Three test YTPZ implants were removed from the original package and mounted on alumina stub holders. The implants were sputter-coated with a 6-nm-thick platinum layer, and examined by scanning electron microscopy (Zeiss Supra 40VP; Zeiss, Oberkochen, Germany).

Termination and preparation of ground sections for light microscopy

After 4 and 8 weeks of transmucosal healing, two animals at a time were killed and block sections were harvested.

The blocks were fixed by immersing in 10% neutral-buffered formalin and prepared for non-demineralized ground sections according to the technique of Donath and Breuner [30]. The specimens were washed with 0.01 M PBS buffer (Sigma-Aldrich) and dehydrated for approximately 4 days at each step in an ascending series of ethanol–pure water, with absolute ethanol (Sigma-Aldrich) for the final step.

The specimens were infiltrated with a graded series of ethanol and Technovit® 7200 VLC (Kulzer, Wehrheim, Germany) embedding resin for at least 12 days at standard temperature with constant shaking. The specimens were then placed into three consecutive containers of 100% Technovit® 7200 VLC for 24 h. Following dehydration and infiltration, the specimens were placed into embedding molds filled with fresh Technovit® 7200 VLC and polymerized with 450-nm light for 10 h, while cooling with running tap water to avoid temperatures exceeding 40 °C.

Polymerized blocks were sliced in the bucco-lingual direction using an Exakt cutting unit (Exakt, Norderstedt, Germany). The slices were reduced by microgrinding and polishing with an Exakt grinding unit to an even thickness of 80–120 µm. A final polish was applied with 0.1-μm diamond polishing paste. The sections were stained with Sanderson’s RBS (Dorn & Hart, Villa Park, US) and counterstained with acid fuchsin. The sections were cover-slipped for analysis using a Leica M205A stereo light microscope and a Leica DM6B light microscope.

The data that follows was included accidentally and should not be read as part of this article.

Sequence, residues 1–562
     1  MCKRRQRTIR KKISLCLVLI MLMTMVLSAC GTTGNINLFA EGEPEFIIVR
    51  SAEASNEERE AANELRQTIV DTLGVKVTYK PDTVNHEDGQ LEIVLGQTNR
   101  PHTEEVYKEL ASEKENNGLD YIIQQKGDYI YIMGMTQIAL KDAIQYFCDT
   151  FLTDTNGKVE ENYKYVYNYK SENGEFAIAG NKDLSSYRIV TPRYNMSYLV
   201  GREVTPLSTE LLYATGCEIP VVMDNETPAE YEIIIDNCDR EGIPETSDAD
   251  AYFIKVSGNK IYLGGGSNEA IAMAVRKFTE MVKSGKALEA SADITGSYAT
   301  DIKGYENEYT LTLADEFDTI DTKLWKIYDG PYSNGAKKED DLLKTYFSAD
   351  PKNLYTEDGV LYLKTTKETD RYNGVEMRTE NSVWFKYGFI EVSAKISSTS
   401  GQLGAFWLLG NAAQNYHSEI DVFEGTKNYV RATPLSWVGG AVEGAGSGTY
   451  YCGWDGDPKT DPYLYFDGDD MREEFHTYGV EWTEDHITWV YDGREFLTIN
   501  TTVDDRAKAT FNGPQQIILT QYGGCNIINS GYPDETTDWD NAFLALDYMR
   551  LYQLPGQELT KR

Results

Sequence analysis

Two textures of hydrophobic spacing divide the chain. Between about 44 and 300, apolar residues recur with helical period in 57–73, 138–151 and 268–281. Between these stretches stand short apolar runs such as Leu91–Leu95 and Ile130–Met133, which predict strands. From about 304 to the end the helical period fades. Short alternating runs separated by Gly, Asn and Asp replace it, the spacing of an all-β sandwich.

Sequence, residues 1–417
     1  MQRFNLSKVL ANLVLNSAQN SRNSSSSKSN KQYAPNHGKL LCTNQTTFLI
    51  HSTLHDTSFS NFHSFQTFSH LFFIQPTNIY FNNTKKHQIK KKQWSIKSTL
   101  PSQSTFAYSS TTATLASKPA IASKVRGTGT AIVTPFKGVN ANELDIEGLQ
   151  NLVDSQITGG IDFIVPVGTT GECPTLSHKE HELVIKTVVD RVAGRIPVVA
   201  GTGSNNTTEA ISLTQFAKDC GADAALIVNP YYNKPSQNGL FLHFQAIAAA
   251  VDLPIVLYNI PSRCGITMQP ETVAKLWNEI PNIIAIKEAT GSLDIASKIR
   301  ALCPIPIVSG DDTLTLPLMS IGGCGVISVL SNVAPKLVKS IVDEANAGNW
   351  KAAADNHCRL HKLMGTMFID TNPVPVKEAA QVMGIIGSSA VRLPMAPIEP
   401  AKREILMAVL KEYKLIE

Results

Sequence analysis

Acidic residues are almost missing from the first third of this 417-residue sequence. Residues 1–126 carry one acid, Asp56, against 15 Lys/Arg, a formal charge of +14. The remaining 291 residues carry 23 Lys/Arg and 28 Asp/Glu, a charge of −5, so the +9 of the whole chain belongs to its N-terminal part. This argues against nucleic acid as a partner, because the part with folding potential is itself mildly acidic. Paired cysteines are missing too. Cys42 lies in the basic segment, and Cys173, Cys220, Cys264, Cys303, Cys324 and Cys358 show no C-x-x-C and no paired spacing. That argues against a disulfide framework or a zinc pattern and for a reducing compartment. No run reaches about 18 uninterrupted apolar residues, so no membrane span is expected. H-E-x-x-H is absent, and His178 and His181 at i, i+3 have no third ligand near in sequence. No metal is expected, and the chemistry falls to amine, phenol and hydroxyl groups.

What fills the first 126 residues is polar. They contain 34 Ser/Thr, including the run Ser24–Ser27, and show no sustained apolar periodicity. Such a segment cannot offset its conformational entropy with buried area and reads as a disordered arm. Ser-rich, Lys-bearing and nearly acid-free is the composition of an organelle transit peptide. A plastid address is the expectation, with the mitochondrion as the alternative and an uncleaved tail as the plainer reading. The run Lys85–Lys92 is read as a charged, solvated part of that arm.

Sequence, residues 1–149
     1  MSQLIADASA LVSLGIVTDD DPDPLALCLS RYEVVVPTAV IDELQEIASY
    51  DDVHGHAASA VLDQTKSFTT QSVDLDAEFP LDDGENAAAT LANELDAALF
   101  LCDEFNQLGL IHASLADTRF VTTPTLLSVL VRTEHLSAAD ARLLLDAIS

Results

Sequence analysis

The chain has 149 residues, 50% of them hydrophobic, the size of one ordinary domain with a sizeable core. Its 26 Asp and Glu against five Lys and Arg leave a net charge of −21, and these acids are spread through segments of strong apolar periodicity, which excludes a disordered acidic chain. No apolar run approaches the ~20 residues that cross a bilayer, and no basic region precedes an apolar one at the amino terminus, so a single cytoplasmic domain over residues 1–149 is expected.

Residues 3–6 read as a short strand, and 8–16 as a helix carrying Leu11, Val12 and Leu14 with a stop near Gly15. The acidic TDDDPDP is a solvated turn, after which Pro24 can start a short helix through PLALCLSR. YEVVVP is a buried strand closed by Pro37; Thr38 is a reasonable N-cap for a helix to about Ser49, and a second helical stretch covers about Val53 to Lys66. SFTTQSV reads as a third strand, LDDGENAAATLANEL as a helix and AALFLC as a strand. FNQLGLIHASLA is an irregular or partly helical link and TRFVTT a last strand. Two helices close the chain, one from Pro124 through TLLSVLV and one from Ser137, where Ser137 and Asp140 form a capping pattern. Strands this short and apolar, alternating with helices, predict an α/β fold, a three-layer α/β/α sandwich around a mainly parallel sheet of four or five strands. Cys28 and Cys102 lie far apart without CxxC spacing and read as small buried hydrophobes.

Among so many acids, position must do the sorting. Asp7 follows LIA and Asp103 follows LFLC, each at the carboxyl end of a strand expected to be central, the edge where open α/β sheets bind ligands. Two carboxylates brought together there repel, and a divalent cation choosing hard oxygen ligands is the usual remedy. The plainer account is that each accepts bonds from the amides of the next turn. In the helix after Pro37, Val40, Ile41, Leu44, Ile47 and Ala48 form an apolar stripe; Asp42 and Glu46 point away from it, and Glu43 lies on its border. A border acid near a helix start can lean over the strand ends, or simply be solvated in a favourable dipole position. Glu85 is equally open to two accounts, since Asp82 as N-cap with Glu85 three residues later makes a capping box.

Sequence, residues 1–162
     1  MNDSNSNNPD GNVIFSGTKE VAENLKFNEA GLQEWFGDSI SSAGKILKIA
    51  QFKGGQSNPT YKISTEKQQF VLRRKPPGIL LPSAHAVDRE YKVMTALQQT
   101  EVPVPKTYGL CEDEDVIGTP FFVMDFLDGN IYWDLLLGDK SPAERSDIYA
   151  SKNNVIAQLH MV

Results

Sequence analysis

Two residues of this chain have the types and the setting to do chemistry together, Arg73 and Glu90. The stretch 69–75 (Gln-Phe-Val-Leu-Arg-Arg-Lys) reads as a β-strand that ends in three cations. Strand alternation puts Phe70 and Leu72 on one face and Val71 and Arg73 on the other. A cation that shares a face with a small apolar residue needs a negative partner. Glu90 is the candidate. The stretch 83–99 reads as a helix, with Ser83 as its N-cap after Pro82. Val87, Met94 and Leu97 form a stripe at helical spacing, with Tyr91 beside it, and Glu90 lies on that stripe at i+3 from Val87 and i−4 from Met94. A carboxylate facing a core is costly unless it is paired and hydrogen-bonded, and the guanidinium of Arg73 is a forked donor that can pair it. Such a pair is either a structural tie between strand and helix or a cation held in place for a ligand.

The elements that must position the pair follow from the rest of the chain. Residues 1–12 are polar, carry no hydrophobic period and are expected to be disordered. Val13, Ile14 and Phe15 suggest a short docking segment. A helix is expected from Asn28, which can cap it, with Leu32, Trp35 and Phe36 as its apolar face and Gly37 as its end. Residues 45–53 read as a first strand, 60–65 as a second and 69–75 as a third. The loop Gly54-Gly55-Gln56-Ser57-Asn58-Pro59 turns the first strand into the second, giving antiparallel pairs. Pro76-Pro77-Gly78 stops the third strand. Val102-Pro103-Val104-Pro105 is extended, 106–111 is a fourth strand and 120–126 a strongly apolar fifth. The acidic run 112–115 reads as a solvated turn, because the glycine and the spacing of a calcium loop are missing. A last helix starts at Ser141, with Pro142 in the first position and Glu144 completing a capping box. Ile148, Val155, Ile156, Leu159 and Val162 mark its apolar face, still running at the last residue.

Data analysis

The total percentage of bone-to-implant contact (BIC) as a primary outcome measurement was evaluated using ImageAccess software (Imagic, Glattbrugg, Switzerland). Both the lingual and buccal BIC per implant was measured beginning at the point of first BIC to the last point of BIC. The mean percentage of BIC and the standard deviation (SD) was calculated for test and control implants after 4 and 8 weeks.

Statistical analysis was performed using two-tailed t-tests for the comparison of the BIC values of the YTZP test implants 4 weeks versus 8 weeks following insertion. Crestal bone resorption was measured from the implant shoulder to the most coronal BIC and evaluated using a two-tailed t-test.